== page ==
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GMAT Diagnostic Test Question 43

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Re: GMAT Diagnostic Test Question 43 [#permalink] New post 25 Feb 2012, 11:56
Expert's post
T740qc wrote:
Quote:
Does anyone know how to easily derive from statement (2) the following possibilities: x = 1 and y = 0, and x = 2 and y = 2 ? I don't think it's that obvious. So it's easy to miss one possibility and answer the question differently.


i didnt see an answer to this q. is there an easier way to get to 0,1 or 2? thanks.


This question is also discussed here: if-x-and-y-are-integers-is-x-y-1-x-y-93713.html#p761563

But I wouldn't worry about it since it needs a revision and will be updated for the next edition.
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Re: GMAT Diagnostic Test Question 43 [#permalink] New post 17 Oct 2012, 08:30
Answer is E,for the first one is not suffice to solve the question cos give if /x/=/y+1/ implies /y+1/ greater than /y/ which is wrong if y is -2.the second one is not suffice to do it so cos if the second statement is right which implies absolute y = x^y-x! which is that /x/ must be greater than x^y-x! from here we know x must be greater or equal to 0,so if x=2,y=5 then the statement is wrong.so if you put them together would still yield the same result,the solution is indeterminant!
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Re: GMAT Diagnostic Test Question 43 [#permalink] New post 17 Oct 2012, 08:33
Answer is E,for the first one is not suffice to solve the question cos give if /x/=/y+1/ implies /y+1/ greater than /y/ which is wrong if y is -2.the second one is not suffice to do it so cos if the second statement is right which implies absolute y = x^y-x! which is that /x/ must be greater than x^y-x! from here we know x must be greater or equal to 0,so if x=2,y=5 then the statement is wrong.so if you put them together would still yield the same result,the solution is indeterminant!
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Re: GMAT Diagnostic Test Question 43 [#permalink] New post 31 Dec 2012, 11:30
GMAT TIGER wrote:
Explanation
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Official Answer: С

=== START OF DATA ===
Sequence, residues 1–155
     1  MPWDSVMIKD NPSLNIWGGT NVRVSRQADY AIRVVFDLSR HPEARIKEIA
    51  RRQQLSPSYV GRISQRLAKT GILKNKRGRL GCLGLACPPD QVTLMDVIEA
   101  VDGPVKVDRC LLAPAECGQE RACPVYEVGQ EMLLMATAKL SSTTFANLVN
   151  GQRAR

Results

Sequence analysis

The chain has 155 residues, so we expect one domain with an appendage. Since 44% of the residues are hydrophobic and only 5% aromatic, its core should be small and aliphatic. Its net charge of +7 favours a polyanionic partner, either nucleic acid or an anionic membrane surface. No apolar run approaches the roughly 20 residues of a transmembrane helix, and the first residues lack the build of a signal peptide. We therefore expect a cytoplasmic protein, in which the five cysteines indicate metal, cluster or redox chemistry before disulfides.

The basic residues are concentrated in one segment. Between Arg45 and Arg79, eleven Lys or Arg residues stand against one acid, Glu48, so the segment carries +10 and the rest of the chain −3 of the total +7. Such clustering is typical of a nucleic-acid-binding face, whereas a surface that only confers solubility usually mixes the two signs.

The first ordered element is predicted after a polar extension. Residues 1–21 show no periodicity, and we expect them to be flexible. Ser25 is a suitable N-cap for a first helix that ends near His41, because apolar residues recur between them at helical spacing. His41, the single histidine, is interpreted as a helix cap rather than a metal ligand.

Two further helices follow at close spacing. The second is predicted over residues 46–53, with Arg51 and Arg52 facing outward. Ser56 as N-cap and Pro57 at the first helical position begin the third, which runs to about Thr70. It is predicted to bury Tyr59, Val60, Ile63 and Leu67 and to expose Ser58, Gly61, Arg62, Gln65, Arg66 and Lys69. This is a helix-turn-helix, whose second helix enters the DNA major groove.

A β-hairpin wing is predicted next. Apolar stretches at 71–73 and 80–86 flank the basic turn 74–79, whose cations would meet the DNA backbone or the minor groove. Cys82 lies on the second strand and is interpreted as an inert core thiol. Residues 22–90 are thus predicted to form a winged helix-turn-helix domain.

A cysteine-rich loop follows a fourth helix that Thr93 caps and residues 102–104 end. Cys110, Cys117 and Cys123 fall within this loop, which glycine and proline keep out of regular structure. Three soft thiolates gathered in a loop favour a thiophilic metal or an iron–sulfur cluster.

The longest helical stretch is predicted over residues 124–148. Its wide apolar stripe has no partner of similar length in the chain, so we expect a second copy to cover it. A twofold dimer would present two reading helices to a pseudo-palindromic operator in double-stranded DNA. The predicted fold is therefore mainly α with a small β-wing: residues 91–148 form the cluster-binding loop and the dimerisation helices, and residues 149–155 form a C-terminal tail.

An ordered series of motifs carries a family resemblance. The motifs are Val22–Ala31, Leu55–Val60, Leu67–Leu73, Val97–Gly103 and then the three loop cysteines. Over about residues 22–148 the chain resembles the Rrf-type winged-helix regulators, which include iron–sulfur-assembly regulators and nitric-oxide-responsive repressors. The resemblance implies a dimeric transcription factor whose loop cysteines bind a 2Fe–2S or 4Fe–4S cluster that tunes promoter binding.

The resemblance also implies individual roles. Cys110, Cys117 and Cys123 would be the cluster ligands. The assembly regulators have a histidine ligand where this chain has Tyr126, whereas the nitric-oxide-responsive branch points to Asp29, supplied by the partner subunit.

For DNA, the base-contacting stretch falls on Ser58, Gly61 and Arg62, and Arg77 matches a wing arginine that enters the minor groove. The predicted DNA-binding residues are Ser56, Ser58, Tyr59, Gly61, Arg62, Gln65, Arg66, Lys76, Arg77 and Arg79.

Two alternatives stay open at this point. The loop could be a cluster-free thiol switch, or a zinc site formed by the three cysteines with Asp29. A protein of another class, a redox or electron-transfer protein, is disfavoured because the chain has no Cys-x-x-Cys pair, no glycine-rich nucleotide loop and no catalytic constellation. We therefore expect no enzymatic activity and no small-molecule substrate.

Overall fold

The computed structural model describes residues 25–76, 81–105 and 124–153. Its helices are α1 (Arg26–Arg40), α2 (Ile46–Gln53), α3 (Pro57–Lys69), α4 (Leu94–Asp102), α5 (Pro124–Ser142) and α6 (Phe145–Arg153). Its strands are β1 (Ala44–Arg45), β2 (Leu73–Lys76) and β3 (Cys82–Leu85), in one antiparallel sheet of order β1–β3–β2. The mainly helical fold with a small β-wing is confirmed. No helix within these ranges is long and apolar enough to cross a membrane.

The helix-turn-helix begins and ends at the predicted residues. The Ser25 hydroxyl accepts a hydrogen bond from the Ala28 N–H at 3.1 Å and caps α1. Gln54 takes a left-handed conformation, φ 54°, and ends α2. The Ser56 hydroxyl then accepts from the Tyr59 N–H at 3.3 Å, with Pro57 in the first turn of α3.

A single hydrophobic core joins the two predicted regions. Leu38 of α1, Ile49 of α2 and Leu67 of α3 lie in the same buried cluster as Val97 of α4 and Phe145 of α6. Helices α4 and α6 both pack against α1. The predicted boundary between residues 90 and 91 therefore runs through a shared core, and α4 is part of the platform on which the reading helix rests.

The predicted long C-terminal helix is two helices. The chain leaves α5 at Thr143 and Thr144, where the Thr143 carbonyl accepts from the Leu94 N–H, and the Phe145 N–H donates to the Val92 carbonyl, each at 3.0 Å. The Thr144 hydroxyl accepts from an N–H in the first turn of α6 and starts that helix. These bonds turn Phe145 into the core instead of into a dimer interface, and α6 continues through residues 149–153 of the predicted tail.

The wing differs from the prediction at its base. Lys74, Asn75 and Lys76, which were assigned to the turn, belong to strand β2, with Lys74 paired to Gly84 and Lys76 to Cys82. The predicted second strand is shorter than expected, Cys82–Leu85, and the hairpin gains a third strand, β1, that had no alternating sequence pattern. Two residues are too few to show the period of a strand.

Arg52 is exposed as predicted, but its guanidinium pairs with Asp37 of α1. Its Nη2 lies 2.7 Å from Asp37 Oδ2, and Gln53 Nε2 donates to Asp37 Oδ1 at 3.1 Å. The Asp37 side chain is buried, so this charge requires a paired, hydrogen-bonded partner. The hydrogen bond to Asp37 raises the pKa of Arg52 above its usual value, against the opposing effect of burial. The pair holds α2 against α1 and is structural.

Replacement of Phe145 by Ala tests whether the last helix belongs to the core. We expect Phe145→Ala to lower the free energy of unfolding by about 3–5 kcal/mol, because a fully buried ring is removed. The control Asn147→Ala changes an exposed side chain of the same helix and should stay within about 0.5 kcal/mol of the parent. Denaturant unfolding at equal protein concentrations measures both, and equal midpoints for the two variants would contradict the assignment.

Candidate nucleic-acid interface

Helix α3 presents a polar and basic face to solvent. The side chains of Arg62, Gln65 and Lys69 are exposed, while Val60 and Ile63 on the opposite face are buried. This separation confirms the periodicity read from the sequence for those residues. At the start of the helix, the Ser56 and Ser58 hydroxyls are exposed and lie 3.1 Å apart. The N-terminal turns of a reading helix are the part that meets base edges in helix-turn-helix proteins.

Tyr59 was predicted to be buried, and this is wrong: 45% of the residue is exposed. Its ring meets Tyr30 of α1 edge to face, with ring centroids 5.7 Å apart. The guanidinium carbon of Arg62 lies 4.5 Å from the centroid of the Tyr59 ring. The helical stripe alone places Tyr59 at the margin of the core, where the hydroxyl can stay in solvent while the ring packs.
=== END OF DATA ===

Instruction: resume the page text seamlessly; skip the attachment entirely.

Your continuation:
Statement (1):
Given that |x| = |y+1|
If x and (y+1) both have same signs (either positive or negative), then x = y+1 and x>y, which makes x and y consecutive integers.
If x and (y+1) both do not have the same signs (one is negative and the other is positive), then x = -(y+1) or (x + y + 1) = 0. In that case, either one could be greater in absolute value. S1 is not sufficient by itself.

Statement (2):
If x^y = x! + |y|, x and y both have to be positive because x! + |y| is always a positive integer. If y is negative, x^y can never be an integer. So for x^y to be an integer, y has to be positive. Let's see what values satisfy the equation:
If x = 1, and y = 0, x^y = x! + |y| = 1.
If x = 2, and y = 2, x^y = x! + |y| = 4.
So x and y have at least two possibilities. S2 is not sufficient by itself either.

Statement (1)+Statement (2):
Because of Statement (2), x and y have to be positive, in which case, by Statement (1) x > y. Sufficient. Therefore, the answer is C.


I don't get it..Statement 2 gives you 2 solutions 1,0 and 2,2 so x and y are non-negative .. even combining with statement 2 you get 2 solutions.. so answer is E..
am I missing something ?
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Re: GMAT Diagnostic Test Question 43 [#permalink] New post 07 Mar 2013, 17:07
There's no way this is a 700-level only question, is there? I think I'm a high scorer and the analysis of the correct answer by GMAT Tiger is very sophisticated.
Re: GMAT Diagnostic Test Question 43   [#permalink] 07 Mar 2013, 17:07
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